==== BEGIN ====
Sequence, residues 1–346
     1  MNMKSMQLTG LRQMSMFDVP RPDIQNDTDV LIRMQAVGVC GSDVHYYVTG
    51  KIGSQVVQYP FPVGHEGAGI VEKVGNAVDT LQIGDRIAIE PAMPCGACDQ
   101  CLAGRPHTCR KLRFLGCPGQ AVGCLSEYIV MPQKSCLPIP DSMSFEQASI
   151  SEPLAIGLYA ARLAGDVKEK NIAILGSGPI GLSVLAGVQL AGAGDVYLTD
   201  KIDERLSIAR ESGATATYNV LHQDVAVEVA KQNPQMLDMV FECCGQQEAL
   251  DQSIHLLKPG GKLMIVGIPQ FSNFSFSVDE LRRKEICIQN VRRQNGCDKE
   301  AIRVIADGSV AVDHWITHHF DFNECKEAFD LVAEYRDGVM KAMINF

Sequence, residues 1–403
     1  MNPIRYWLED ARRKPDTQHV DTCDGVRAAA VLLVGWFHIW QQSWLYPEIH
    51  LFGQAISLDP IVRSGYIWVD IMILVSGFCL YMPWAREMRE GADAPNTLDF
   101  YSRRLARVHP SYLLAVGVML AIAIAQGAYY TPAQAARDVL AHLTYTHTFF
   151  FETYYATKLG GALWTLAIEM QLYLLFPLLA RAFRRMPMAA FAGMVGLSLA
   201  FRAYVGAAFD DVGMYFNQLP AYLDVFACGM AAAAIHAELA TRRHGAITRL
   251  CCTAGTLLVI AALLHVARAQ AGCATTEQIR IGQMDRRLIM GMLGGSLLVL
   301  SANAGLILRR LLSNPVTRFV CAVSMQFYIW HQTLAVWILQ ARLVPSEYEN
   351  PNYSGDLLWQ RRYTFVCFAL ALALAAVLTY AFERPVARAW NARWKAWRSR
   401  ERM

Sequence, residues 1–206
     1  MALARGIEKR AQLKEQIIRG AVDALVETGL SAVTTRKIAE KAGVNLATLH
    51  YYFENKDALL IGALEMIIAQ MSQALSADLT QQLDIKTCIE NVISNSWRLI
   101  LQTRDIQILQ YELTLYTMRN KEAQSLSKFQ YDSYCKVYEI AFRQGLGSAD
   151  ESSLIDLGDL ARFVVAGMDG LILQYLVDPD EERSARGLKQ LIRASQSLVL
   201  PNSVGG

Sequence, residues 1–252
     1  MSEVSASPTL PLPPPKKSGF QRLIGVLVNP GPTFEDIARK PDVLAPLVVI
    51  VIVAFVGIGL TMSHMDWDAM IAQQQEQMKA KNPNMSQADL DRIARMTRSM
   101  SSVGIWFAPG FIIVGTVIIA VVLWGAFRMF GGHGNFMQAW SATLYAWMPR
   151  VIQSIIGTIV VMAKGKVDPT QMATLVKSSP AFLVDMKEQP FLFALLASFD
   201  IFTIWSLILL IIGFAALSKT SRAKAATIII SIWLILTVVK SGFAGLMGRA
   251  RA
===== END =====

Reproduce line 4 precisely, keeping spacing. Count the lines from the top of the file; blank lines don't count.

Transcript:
   101  CLAGRPHTCR KLRFLGCPGQ AVGCLSEYIV MPQKSCLPIP DSMSFEQASI